AN indicator of ‘modern slavery’ was found by immigration officers at a four-star Lake District hotel, documents issued by the Home Office have revealed.

Home Office Immigration Enforcement has submitted an application to Westmorland and Furness Council to revoke the premises licence of the Fisherbeck Hotel in Ambleside after two visits found six illegal workers.

Immigration enforcement visits to the hotel were conducted in January and April this year. A civil penalty of £10,000 was issued on April 29 for employing illegal workers in January while an outcome for the visit in April is yet to be decided.

The Home Office report says: “The license holder, Yatson & Co Ltd has deliberately overlooked the rules and laws in place to prevent crime and disorder. In addition, the comments made by one worker in April 2024 that she receives “One meal for one day, the residue from the customers food only” should be given considerable weight.

“Whether by negligence or wilful blindness illegal workers were engaged in activity on the premises, yet it is a simple process for an employer to ascertain what documents they should check before a person can work. It is an offence to work when a person is disqualified to do so, and such an offence can only be committed with the co-operation of a premises licence holder or its agents.”

The visits to the hotel took place after the Home Office had received intelligence that illegal working was occurring at the premises, the application states.

The report adds: “Immigration Enforcement asks that the premises licence is revoked. Merely remedying the existing situation (for instance by the imposition of additional conditions or a suspension) is insufficient to act as a deterrent to the licence holder and other premises’ licence holders from engaging in criminal activity by employing illegal workers and facilitating disqualified immigrants to work illegally.”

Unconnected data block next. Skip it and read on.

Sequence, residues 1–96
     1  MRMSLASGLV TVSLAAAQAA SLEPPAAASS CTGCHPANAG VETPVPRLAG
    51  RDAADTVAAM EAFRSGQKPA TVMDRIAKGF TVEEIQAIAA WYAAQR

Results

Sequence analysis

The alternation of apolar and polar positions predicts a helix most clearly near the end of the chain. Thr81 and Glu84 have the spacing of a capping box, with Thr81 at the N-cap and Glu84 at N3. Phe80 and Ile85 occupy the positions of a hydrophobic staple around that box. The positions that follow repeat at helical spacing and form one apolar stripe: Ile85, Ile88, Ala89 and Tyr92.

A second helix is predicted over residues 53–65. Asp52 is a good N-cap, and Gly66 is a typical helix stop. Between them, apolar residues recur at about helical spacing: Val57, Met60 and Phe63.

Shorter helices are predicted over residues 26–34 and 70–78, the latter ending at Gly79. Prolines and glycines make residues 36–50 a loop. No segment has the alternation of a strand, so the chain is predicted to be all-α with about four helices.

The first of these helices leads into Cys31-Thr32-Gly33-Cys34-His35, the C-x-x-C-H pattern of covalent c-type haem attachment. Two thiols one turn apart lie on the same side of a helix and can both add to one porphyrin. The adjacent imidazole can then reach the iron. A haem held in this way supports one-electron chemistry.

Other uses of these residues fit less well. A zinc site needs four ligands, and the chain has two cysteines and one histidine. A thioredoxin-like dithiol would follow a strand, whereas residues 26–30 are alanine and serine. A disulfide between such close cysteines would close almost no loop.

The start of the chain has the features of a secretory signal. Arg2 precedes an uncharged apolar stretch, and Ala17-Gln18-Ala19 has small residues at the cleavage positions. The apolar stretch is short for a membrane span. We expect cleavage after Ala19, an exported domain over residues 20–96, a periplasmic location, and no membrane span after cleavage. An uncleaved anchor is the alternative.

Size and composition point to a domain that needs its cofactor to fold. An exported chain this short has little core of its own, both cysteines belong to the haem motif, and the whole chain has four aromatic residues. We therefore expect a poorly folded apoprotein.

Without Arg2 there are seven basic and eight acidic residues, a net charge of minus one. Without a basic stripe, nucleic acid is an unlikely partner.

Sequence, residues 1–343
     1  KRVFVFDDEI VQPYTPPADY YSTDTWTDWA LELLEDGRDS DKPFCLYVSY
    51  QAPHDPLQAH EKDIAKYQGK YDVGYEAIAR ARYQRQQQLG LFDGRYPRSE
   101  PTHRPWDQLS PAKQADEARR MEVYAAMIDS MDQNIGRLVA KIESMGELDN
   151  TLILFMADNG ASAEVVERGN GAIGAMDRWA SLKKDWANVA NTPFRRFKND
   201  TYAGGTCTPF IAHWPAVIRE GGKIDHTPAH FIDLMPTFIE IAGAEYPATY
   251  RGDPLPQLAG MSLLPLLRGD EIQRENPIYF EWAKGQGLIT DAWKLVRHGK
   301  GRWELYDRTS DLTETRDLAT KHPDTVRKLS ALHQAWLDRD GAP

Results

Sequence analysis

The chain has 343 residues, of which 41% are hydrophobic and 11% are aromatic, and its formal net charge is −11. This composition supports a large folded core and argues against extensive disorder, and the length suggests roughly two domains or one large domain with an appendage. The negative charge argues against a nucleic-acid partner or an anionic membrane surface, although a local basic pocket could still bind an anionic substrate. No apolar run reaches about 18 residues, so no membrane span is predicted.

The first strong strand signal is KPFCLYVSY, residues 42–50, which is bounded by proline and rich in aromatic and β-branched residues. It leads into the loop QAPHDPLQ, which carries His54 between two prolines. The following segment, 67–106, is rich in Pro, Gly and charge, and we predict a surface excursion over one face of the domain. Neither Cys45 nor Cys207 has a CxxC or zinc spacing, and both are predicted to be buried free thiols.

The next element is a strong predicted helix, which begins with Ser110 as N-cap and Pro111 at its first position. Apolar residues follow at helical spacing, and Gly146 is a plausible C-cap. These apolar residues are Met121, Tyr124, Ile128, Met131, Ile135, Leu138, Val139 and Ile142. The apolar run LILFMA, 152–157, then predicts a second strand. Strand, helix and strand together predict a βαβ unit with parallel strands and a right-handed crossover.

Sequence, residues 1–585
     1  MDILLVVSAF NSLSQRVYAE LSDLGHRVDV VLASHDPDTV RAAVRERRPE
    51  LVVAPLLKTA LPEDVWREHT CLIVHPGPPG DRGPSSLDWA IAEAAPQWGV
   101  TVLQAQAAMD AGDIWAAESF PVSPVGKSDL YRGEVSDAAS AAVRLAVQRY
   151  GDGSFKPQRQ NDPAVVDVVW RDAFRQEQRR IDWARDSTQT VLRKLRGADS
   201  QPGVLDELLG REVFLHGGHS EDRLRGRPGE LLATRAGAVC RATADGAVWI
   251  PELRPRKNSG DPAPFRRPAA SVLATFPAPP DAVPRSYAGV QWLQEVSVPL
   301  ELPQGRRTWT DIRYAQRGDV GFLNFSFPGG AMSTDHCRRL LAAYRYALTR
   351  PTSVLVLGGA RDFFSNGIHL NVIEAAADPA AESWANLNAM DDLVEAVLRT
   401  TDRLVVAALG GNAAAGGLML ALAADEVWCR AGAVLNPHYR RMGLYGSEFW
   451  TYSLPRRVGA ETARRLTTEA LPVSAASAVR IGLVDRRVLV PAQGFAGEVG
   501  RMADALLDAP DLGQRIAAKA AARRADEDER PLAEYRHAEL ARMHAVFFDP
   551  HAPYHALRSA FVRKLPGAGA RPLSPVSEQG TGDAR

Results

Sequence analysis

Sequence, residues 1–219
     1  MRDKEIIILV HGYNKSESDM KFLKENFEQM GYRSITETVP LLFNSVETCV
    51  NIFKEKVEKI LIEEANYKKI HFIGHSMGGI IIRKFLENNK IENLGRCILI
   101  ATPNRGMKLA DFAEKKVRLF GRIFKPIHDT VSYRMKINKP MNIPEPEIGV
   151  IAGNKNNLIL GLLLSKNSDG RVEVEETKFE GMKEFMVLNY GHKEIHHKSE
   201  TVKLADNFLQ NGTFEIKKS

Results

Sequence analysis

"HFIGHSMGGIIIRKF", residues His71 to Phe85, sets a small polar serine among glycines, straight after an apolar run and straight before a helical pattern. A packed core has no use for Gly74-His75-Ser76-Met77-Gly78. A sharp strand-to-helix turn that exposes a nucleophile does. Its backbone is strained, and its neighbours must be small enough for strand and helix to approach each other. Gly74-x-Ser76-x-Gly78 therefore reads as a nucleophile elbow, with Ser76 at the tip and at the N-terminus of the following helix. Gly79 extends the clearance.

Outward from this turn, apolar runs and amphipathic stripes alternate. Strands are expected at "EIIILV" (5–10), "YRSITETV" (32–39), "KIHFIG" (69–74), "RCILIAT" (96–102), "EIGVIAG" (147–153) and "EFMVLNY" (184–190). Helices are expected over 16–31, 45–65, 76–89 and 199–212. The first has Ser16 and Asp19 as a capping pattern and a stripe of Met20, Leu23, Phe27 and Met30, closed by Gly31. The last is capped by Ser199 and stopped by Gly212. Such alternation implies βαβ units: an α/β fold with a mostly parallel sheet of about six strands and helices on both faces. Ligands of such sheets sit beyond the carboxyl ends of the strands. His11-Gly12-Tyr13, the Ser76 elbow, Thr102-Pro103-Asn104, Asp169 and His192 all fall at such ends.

Home Office documents said on a visit to the hotel in April one person was seen fleeing the kitchen. When interviewed she confirmed that she was cleaning for three hours a day.

According to the Home Office report, when asked about renumeration, she stated she gets: ‘One meal for one day, the residue from the customers’ food only’.

The report adds: “This is clearly concerning and is an indicator of modern slavery.”

In May, when enquiries were made into the closure of the hotel, a spokesperson for the Fisherbeck Hotel said: “Sadly we are closed permanently. Feel sorry for the inconvenience caused.”

Documents state out of the 16 staff encountered on two separate occasions, there were six illegal workers encountered at the premises. Two workers were encountered on both occasions.

In the January visit, one person hid themselves in the laundry cupboard and another person locked themselves from the inside of the laundry room, documents say. Another worker was found leaving the rear exit.

In April a worker encountered by officers said they had entered the UK in 2019 on a six-month visa. According to Home Office documents, he had made no applications to remain in the UK after the visa had expired, nor did they have any permission to work. They were served with paperwork as an overstayer on 30 November 2021.

In an interview with the hotel manager on the visit by Home Office officials in April, the manager was questioned about the three workers who were encountered and according to the report she stated, ‘she had only started work at 11am and could not account for who they are’.


The Fisherbeck Hotel has been approached for comment.